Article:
Now that you’ve put up an offer and gotten a bunch of responses, you need to start going through them and notify someone that they are the new owner of said item. Usually I go with a “first come, first served” principle. But if you’re in a hurry to get rid of something, you may want to look to see who can come get the item fastest and notify them first. At times, when we were listing 20-30 items a day, I was making sure things went in clumps to a single person just so stuff would be gone quickly. But there were also times when I tried to spread the wealth a bit, knowing that someone had already taken tons of things from us (without seeming to be very grateful) and so I would pass them up to let someone else get the goods. Perhaps it’s not the most fair way, but you get to be the king of the emails when they pour in, so go with the system that works best for you.

In the first response email, I usually just let the person know that they get to have the item and ask when they have time to come get it. If you have a limited window for pickups (after work, weekends only, etc) let them know that first so they can look at their own schedule. After we’ve started to hammer out a pickup time, I then send the pickup address and my cell number. Rarely have I ever given out that info in my first response to them, because you never know what kind of people are out there.

More How to Freecyle Tips

  1. Be smart and stay safe. One of our main concerns with Freecycle is that my husband is not always home when people come by. During the last few months at the farm, yes. But now that we’ve listed some stuff here in Berlin, it’s slightly more of a concern because things can happen with a woman and a small girl in a big apartment in the city. So staying safe is always a priority. Don’t give out your address or phone number in the very first contact email. And if you read a message from someone and they seem strange, don’t feel obligated to answer back.  To date, we have not met anyone who made us uncomfortable or was anything less than friendly and respectful. Some were a bit clueless and figured since we were getting rid of the stuff, we should also load it up for them. But that’s another story altogether.
  2. Filter your Freecyle messages into a folder. Since all of this runs through Yahoo, I use my Yahoo mail account for Freecycle messages. But I also get a few other random pieces of mail there, so I don’t really want a tidal wave of Freecycle messages pouring in all at once. So anything from a Freecycle group is filtered into a folder called Freecycle and I just check in there to see what is going on. Filters are also easy to set up in GMail and other programs.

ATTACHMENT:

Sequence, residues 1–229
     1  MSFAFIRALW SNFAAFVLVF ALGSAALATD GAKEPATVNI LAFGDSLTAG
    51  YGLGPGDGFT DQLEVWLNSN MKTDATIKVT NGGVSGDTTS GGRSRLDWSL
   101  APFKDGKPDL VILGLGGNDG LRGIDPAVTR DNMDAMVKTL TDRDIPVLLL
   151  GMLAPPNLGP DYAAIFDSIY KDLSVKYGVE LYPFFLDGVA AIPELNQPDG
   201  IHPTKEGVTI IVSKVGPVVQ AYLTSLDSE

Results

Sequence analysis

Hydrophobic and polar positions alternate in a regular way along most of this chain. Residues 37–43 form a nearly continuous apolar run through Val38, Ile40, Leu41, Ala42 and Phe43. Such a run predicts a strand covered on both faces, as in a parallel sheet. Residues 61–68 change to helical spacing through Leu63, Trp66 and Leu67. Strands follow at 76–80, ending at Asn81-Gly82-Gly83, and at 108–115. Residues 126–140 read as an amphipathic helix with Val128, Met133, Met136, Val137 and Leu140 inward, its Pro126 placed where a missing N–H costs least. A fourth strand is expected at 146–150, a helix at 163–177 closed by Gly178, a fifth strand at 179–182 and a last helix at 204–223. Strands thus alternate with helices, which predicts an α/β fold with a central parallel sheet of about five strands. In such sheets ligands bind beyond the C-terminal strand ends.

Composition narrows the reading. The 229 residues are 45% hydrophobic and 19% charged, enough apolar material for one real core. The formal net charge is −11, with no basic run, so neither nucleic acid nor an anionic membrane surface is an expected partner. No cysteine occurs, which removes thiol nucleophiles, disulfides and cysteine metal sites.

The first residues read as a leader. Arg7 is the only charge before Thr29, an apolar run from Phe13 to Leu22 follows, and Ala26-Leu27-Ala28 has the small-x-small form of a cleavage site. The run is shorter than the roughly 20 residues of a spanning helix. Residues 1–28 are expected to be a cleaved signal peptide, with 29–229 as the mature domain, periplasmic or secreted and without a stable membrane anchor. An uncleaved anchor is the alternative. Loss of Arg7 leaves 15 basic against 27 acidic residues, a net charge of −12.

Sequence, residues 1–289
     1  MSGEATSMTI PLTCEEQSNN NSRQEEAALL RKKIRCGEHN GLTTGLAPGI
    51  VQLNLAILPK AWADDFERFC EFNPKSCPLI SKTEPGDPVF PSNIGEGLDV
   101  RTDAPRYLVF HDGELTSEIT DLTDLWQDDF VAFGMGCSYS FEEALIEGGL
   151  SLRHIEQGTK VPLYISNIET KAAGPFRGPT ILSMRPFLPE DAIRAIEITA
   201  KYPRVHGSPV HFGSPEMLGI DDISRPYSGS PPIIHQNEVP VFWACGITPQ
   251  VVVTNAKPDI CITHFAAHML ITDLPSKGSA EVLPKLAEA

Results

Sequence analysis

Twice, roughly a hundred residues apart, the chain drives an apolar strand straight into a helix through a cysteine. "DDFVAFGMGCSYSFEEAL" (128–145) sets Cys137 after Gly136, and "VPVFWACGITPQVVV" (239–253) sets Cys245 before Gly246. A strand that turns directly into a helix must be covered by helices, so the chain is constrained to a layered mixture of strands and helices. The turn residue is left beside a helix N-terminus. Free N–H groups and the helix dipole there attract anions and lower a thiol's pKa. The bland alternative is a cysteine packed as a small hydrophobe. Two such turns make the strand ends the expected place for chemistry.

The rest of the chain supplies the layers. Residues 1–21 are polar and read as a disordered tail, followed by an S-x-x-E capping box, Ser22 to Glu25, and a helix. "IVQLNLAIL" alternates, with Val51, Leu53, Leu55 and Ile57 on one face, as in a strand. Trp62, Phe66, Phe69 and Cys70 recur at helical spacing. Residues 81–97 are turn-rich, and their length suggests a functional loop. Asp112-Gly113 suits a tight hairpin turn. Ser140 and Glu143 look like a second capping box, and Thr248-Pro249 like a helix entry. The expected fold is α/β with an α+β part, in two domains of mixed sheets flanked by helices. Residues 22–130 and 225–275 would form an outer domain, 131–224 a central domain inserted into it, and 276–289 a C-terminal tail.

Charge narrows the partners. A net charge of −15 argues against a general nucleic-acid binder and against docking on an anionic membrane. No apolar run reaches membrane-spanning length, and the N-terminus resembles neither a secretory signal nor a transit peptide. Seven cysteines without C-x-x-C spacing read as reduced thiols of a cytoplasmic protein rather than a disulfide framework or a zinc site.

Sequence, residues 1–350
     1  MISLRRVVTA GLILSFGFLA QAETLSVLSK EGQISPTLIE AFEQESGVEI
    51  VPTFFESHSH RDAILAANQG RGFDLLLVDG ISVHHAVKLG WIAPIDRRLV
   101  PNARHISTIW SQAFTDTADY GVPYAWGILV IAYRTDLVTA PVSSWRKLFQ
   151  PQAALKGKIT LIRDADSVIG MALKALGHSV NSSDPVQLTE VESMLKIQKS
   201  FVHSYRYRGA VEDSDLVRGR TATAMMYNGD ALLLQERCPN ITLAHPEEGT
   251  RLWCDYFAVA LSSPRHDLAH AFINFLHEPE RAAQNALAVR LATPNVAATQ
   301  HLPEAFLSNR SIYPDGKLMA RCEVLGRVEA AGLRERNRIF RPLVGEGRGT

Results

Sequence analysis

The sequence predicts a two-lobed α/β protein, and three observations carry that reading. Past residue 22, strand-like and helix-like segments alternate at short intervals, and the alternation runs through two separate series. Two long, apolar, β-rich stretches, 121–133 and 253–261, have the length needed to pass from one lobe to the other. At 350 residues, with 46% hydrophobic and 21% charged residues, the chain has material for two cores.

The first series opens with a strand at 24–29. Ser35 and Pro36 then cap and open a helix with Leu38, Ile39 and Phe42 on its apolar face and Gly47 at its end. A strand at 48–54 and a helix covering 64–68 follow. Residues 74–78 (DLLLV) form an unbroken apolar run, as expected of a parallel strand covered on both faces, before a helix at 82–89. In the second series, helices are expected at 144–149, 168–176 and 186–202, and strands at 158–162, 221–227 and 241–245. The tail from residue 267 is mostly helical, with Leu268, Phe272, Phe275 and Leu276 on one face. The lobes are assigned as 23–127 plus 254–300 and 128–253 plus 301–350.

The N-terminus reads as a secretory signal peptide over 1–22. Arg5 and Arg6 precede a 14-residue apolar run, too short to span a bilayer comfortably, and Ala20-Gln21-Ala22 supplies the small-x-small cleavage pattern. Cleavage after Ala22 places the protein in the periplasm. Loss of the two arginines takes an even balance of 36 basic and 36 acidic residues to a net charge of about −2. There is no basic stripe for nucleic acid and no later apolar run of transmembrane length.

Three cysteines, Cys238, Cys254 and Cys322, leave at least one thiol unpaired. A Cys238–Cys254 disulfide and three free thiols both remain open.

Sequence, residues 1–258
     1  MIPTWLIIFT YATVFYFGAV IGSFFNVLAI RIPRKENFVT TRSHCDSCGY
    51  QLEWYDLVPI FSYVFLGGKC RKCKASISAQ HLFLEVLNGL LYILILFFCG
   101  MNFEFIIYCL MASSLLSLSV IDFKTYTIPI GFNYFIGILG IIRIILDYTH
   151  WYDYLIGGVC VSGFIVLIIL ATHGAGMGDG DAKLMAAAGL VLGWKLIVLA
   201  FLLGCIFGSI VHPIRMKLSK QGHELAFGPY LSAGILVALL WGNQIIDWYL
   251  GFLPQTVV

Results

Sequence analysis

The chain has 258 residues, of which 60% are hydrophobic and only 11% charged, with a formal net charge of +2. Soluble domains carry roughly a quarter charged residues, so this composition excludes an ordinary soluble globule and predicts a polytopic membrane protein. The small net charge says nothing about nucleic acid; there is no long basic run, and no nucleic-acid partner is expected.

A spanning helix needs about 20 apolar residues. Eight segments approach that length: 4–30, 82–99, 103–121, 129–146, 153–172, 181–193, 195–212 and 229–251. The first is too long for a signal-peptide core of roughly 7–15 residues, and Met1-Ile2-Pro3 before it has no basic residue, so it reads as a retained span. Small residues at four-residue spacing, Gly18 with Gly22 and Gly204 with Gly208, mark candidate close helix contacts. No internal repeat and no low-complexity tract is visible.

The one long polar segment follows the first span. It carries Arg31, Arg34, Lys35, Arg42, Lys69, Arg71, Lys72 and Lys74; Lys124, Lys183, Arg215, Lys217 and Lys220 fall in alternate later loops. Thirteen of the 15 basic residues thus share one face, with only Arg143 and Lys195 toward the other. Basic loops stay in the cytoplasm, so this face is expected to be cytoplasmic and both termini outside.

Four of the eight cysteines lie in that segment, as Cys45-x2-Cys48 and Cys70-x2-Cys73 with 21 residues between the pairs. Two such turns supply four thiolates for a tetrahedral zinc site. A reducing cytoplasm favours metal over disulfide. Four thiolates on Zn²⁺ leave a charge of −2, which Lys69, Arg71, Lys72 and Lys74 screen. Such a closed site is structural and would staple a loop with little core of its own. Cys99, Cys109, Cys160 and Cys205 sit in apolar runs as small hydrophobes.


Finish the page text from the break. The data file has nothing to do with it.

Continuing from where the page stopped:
3. Add a picture to your offers. You can either use a free photo hosting site, or if you have your own blog or website, host them on there. I personally use images I host in the media section of my blog, and delete them when they are no longer needed. But it’s turned into a fun way to get people interested in the blog because they wonder what the domain is, wander into NOH and start reading. I’ve gotten to know several people a lot better that way which made it that much more fun — plus they are now still following our lives and keeping in touch, which I LOVE!
  4. Keep track of who, what, when and where! We’re rather organized and anal when it comes to things anyway, so we always had a spreadsheet to keep track of who was getting what. And I put (nearly) all the pickup appointments in my Google Calendar so we knew we’d be home. If you’re going to be giving away more than 10 things at a time, I highly recommend forming some sort of organizational plan for yourself to make sure the right things are going to the right people. Some days, we’d have 3 or 4 people showing up within a time frame and they wouldn’t actually say who they were when they got to the door. It got confusing FAST! And they don’t always remember exactly what they’re getting either, especially when they want things that you promised to someone else.

Do you already use Freecycle? What are you favorite things about the platform? Do you have any tips to share?